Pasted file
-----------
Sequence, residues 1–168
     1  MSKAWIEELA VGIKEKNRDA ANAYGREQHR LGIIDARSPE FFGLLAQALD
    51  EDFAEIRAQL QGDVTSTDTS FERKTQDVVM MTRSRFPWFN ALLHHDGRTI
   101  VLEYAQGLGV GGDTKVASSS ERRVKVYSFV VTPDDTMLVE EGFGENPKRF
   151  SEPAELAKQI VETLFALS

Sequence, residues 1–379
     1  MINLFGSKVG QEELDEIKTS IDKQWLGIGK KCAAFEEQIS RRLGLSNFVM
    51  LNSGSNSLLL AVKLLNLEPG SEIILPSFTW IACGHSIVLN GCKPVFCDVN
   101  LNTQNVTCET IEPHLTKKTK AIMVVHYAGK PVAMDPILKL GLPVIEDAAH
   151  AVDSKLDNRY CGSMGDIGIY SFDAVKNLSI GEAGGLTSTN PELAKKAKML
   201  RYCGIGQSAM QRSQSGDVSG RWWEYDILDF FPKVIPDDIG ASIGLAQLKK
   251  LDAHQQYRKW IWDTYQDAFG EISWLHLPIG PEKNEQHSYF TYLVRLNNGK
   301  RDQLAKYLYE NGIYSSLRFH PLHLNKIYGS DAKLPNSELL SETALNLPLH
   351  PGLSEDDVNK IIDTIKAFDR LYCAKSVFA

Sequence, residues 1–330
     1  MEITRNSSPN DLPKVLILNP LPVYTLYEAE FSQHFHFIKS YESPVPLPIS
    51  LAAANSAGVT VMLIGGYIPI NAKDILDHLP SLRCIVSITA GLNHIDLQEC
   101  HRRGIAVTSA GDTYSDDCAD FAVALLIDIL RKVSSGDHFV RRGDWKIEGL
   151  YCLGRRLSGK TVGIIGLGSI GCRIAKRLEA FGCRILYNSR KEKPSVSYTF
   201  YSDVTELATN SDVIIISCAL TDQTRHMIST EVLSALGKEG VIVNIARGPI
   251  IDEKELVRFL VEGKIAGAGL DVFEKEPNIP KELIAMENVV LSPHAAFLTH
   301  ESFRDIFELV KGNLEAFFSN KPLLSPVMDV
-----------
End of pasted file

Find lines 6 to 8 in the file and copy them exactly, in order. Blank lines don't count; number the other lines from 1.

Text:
Sequence, residues 1–379
     1  MINLFGSKVG QEELDEIKTS IDKQWLGIGK KCAAFEEQIS RRLGLSNFVM
    51  LNSGSNSLLL AVKLLNLEPG SEIILPSFTW IACGHSIVLN GCKPVFCDVN